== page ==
Catch- 22 — a paradoxical situation in which one gets stuck due to the contrary/conflicting
parameters of said situation. It’s a term coined
by author Joseph Heller in his 1961 novel to
describe the no-win position in which fictional
WWII bombardier John Yossarian and his Army
Air Force squadron find themselves.
Heller’s novel was brought to life as a Hulu
Original series developed by Luke Davies and David Michôd. The series earned two Emmy nominations: one for Special Visual Effects in a Supporting Role, and one for Sound Editing. Visually,
the series convincingly captures the world of the
1940s, but it’s the sound that makes it feel real,
from the metal rattling hull of the plane’s fuselage to the crunch of the soldiers’ boots on the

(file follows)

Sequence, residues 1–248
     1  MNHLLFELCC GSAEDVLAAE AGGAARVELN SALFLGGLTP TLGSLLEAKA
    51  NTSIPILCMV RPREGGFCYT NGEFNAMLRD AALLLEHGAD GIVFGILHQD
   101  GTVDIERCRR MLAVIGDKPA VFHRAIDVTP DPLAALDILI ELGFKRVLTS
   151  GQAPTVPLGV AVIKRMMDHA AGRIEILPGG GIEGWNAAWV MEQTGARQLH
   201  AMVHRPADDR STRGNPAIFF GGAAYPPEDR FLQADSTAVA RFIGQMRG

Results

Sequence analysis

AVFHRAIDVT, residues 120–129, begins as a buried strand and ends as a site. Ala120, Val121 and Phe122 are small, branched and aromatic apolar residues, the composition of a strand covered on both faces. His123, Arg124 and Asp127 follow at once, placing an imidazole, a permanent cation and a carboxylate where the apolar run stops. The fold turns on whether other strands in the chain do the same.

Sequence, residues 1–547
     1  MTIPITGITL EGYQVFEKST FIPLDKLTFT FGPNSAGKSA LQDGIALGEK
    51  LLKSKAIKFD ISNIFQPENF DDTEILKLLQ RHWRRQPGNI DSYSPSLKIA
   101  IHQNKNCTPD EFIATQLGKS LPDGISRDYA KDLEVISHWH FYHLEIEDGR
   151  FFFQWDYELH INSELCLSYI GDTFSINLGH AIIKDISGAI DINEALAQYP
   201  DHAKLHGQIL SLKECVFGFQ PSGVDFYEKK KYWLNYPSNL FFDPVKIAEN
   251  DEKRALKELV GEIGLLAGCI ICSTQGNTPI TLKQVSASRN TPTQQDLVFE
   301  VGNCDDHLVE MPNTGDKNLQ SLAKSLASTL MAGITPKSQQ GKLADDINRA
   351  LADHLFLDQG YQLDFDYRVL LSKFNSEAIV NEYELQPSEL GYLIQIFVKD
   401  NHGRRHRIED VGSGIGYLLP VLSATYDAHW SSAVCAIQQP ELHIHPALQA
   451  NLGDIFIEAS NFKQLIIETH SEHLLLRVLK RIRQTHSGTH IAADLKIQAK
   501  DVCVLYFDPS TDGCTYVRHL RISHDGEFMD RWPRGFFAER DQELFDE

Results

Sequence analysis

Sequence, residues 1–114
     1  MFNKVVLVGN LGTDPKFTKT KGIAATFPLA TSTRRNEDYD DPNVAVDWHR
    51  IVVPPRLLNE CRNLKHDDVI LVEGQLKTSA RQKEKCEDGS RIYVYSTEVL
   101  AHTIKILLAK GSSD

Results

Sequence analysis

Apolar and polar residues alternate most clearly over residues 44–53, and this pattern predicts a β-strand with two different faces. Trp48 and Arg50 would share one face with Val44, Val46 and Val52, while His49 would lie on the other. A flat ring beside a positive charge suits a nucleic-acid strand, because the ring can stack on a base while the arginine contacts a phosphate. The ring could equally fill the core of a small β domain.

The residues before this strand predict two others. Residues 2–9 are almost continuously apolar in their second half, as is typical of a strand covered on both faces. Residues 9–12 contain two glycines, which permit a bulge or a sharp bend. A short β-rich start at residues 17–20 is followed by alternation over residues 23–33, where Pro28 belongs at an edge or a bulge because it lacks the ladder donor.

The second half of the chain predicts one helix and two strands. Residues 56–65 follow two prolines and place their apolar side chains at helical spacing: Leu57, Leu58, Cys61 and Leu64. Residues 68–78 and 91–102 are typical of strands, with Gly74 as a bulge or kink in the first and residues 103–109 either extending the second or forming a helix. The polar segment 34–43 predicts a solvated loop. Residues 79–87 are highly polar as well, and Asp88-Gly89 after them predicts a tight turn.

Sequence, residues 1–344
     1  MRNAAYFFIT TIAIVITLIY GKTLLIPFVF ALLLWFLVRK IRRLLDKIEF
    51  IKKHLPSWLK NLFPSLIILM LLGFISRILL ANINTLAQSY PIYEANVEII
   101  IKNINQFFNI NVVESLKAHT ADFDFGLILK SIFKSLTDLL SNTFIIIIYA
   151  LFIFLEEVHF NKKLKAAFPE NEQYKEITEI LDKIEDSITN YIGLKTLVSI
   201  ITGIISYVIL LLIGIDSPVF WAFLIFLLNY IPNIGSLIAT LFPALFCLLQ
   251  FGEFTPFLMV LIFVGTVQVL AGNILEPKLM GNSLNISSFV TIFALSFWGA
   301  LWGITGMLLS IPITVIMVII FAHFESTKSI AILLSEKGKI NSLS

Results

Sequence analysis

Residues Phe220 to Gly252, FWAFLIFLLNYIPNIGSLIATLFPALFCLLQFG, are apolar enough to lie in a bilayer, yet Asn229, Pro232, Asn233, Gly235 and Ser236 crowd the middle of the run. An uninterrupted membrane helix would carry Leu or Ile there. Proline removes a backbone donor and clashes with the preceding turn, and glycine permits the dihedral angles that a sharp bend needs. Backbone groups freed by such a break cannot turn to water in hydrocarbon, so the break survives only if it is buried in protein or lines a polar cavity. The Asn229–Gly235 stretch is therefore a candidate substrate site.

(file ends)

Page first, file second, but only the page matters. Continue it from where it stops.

dusty ground. Those Foley sounds played a key
role in helping to bring the audience into Yossarian’s world.
Here, Warner Bros. Sound Foley artists Cath-
erine Harper and Katie Rose talk about their col-
laborative approach to Foley, the scope of Foley
on the Emmy–nominated “Episode 1,” what went
into creating a 1940s sound, and how they blend-
ed their Foley with production effects to create a
S&P: How did you two split up the Foley on
Catch- 22 Was it divide and conquer, or did
you work together?
Catherine Harper (CH): We always decide
based on sound. Sometimes one of us will have
an affinity for a certain character and will want
to perform that walk but more often than not it’s
about whose shoes we think will sound the best.
Katie Rose (KR): We like to be on the stage
together and contribute to each other as much
as possible, even if one of us is walking a single
Emmy–nominated Foley artists Catherine Harper & Katie Rose
bring a 1940s Air Force squadron to life with WWII–era props.
by Jennifer Walden